Many of my concerns about the effect of forced Medicaid enrollment for people from the ages of 55 to 64 come from information that can be found in the following HHS memo:
        Department of Health & Human Services Office of Assistant Secretary for Policy & Evaluation
        Medicaid Eligibility for Long-Term Care Benefits Policy Brief #1

        This can be found at:
        OBRA ‘93 requires states to recover, at a minimum, all property and assets13 that pass from a deceased person to his or her heirs under state probate law, which governs both property conveyed by will and property of persons who die intestate. . . .
        States may use the narrow Federal definition of “estate” and limit Medicaid estate recoveries to only those assets that pass through probate. Alternatively, they may choose to define “estate” in a broader context, which enables them to recover from some or all property that bypasses probate. Such property includes assets that pass directly to a survivor, heir or assignee through joint tenancy, rights of survivorship, life estates, living trusts, annuity remainder payments, or life insurance payouts. . . .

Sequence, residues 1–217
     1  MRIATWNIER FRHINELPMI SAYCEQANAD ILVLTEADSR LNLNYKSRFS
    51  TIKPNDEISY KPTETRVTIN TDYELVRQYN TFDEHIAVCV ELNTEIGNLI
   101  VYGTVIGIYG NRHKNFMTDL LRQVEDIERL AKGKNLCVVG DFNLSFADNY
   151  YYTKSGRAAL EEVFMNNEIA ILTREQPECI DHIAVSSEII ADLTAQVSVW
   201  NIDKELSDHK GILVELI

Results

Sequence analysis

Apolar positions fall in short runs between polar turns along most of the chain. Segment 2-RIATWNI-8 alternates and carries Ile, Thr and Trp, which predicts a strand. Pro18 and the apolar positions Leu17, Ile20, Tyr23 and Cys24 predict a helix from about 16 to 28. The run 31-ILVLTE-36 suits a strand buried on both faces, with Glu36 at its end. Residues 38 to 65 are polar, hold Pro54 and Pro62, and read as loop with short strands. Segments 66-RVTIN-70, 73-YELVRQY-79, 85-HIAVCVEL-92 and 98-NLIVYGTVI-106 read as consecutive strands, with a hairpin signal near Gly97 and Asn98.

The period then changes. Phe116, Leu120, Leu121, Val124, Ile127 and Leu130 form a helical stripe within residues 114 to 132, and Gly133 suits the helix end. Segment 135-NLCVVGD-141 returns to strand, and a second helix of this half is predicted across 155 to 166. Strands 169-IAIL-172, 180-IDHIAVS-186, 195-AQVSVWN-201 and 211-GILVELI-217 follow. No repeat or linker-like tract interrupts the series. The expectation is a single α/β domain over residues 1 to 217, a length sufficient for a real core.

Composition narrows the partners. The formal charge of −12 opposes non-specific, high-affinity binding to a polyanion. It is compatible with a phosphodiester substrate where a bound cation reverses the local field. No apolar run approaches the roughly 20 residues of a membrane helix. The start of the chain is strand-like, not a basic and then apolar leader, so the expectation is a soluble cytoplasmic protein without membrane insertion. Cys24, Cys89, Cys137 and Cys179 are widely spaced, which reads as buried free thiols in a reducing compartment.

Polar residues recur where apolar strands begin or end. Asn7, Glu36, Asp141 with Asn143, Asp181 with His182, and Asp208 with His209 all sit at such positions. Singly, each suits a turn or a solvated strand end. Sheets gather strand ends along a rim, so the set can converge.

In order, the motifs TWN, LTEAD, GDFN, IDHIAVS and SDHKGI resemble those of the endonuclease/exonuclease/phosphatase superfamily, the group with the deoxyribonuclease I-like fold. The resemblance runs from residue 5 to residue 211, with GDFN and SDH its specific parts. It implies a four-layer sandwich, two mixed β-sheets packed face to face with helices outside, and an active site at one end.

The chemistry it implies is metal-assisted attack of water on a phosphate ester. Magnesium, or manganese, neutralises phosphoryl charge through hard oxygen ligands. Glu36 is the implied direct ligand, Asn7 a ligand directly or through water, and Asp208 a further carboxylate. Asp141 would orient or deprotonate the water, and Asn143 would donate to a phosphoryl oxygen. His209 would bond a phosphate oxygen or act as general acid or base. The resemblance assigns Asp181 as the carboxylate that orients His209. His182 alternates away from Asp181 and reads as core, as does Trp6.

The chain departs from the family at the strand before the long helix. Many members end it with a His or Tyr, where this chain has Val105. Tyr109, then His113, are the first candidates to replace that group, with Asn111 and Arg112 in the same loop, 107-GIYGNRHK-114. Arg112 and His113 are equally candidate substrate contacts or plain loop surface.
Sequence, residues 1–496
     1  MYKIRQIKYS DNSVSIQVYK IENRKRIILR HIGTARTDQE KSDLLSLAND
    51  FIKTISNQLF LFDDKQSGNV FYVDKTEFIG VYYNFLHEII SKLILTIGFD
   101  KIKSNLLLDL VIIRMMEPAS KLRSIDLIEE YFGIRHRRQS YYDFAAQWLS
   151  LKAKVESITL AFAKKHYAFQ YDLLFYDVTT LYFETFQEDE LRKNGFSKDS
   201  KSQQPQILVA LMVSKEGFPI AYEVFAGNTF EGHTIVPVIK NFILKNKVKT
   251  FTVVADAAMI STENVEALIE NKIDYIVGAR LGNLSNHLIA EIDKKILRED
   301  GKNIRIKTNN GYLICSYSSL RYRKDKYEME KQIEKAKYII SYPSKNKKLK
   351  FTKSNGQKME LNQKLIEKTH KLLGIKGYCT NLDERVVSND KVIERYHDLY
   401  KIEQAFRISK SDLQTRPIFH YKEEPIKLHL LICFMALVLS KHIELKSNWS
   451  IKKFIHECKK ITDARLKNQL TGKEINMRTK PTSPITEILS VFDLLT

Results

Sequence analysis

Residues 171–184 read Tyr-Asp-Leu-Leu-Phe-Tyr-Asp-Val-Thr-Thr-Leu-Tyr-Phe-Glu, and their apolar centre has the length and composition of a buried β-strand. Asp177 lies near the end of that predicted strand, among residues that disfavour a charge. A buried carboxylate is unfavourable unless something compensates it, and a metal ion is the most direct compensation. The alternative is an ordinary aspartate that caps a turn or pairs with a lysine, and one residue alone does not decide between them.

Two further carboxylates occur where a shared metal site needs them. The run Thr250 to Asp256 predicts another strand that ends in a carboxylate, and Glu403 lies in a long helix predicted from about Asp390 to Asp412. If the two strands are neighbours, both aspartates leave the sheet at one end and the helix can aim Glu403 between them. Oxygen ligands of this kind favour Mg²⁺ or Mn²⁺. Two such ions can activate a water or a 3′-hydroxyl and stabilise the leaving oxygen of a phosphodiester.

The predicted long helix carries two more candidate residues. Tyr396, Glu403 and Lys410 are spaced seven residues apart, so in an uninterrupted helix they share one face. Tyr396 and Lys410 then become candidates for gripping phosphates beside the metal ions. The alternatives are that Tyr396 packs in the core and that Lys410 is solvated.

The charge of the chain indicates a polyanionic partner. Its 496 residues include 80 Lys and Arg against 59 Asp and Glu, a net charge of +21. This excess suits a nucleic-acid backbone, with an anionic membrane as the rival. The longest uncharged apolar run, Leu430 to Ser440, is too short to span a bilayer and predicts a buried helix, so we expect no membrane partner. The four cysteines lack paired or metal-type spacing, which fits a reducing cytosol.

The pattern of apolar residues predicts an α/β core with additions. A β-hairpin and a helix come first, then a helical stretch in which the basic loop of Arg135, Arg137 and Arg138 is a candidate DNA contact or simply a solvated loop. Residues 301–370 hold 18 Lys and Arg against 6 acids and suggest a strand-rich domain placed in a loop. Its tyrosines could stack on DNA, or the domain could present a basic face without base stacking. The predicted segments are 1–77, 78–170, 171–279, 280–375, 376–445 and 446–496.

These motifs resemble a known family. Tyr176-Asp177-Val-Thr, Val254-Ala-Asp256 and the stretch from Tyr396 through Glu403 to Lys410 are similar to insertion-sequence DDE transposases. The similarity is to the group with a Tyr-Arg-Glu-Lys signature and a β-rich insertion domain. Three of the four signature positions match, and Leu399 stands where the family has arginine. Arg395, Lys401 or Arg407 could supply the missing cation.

At a minimum, states must recover amounts spent by Medicaid for long-term care and related drug and hospital benefits, including Medicaid payments for Medicare cost sharing related to these services. However, they have the option of recovering the costs of all Medicaid services paid on the recipient’s behalf. The majority of states recover spending for more than the minimum of long-term care and related expenses. . . .
        States can then spend their share of recovered funds to preserve or expand their Medicaid coverage of services for needy populations,38 although they are not required to do so. . . .